General equilibrium economic modelling language and solution framework
A short introduction
- An introduction to gEcon
A short presentation containing an introduction to general equilibrium modelling and gEcon.
Users' guide and manual
- Users' guide
Contains the beginner introduction to model creation process as well as detailed description of implementation and solvers.
Automatically generated from R documentation.
- On automatic derivation of first order conditions in dynamic stochastic optimisation problems
This note presents an algorithm for deriving first order conditions employed by gEcon.
- Smets-Wouters '03 model revisited — an implementation in gEcon
This paper presents an implementation of the well-known Smets-Wouters 2003 model for Euro Area using the gEcon package.
For details cf. Users' guide, chapter 2.
- R version >=3.0.0
- Packages Matrix, MASS, nleqslv, Rcpp and methods.
Short installation instructions
In order to use gEcon you should first install the packages on which gEcon depends and then proceed to installing the gEcon R package. You can do this in two ways:
- through the command line interface — after changing current working directory to the folder where gEcon
package has been saved, it is sufficient to run a command:
> R CMD INSTALL gEcon_x.x.x.zip
> R CMD INSTALL gEcon_x.x.x.tgz
> R CMD INSTALL gEcon_x.x.x.tar.gz,
- directly from R using installation options available in the GUI used.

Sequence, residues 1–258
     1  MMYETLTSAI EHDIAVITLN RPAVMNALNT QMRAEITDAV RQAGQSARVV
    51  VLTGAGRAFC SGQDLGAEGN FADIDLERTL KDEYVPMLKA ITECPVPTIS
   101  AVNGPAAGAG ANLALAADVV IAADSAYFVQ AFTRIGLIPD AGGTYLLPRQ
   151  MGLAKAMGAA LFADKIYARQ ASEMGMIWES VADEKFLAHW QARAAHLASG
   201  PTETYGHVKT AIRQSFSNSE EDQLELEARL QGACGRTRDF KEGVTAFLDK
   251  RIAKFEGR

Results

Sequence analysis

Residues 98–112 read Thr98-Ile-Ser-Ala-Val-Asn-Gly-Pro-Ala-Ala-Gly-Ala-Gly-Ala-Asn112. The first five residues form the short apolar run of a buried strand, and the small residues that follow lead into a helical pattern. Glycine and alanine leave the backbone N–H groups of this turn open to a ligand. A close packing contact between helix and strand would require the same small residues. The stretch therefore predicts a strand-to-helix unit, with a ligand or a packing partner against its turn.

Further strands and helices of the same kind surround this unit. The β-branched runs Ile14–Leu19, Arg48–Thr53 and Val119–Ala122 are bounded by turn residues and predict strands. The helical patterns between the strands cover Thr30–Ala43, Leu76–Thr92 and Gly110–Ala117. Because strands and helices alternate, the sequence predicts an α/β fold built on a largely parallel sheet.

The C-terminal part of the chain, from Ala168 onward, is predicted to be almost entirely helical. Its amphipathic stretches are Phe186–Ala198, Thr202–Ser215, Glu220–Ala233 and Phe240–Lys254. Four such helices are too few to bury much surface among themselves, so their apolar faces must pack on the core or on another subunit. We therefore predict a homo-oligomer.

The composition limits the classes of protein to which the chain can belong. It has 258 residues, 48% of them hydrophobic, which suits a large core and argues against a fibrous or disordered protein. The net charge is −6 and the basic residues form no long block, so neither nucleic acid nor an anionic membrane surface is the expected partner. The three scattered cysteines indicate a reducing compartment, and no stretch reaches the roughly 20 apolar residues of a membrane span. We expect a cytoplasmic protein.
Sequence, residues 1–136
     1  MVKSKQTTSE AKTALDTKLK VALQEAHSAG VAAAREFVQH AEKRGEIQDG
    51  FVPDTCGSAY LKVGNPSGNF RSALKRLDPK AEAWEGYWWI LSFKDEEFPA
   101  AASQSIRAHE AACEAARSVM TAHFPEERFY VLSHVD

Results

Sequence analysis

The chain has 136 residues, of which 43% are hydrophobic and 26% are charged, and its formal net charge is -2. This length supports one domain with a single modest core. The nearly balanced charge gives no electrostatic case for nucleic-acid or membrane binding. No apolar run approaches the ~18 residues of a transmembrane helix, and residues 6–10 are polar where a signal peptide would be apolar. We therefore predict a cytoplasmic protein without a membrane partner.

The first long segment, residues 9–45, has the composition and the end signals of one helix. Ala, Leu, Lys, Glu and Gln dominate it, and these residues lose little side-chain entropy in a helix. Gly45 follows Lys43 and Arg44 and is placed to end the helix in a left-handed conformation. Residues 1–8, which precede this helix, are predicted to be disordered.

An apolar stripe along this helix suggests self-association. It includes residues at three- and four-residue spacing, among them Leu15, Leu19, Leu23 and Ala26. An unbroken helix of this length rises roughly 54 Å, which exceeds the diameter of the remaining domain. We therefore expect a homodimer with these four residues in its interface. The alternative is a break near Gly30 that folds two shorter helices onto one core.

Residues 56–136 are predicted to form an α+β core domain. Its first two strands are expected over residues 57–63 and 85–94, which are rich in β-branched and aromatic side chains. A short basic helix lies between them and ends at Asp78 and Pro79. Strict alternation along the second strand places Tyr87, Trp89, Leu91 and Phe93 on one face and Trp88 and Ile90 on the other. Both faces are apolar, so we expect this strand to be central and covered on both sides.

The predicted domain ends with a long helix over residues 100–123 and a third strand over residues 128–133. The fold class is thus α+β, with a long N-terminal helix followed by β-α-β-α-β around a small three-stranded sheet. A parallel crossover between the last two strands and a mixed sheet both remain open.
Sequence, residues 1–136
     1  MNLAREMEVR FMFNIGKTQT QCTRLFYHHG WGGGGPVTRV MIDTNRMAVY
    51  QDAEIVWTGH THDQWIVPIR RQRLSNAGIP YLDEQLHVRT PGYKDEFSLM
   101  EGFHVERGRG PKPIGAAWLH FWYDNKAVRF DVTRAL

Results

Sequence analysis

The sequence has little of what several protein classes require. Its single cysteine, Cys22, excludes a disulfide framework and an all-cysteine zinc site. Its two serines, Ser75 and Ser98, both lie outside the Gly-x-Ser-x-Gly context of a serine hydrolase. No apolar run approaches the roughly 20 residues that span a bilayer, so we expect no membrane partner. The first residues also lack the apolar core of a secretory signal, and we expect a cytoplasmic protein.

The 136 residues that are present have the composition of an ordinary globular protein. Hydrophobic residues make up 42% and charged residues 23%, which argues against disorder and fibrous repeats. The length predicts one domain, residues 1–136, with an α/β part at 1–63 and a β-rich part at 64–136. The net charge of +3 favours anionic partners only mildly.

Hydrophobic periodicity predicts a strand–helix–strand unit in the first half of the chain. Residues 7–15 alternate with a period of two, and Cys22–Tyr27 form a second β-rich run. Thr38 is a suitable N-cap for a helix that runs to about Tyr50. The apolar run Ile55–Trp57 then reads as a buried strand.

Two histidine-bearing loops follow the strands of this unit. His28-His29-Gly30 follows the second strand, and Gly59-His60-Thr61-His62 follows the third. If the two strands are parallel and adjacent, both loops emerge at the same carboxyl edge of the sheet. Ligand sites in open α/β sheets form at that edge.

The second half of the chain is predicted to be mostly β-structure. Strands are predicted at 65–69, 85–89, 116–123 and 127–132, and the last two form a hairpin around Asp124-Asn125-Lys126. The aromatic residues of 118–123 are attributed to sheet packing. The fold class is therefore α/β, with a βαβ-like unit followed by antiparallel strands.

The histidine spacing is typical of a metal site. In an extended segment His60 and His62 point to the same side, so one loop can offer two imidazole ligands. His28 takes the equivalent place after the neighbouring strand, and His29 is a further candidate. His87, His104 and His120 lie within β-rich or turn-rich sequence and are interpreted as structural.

- Q: Is this software reliable?
- A: This software comes with no warranty (see the disclaimer in the licence), but we have put a lot of effort to test gEcon and compare its results with other software.
- Q: How does gEcon compare to Dynare?
- A: This short presentation along with the introductory slides should give Dynare users an idea about gEcon and how it compares to Dynare.
- Q: Why R?
- A: All popular DSGE toolboxes work within Matlab/Octave environments. The decision to break up with this tradition was carefully weighted. First, all vector programming languages/environments (Matlab, Octave, R, Ox) are built atop low level linear algebra and other numerical libraries such as BLAS and LAPACK. The main differences between them fall into the following categories: language features, number of extensions (libraries/packages), support, and user's base. Matlab and Octave offer much more functionality through their toolboxes in fields such as differential equations, optimisation etc. On the other hand, R language is more flexible (not everything has to be a matrix!) and has many more packages intended for analysis of the economic data. Flexibility of the language and natural synergies between economic modelling and econometric work have made R the environment of choice for this project.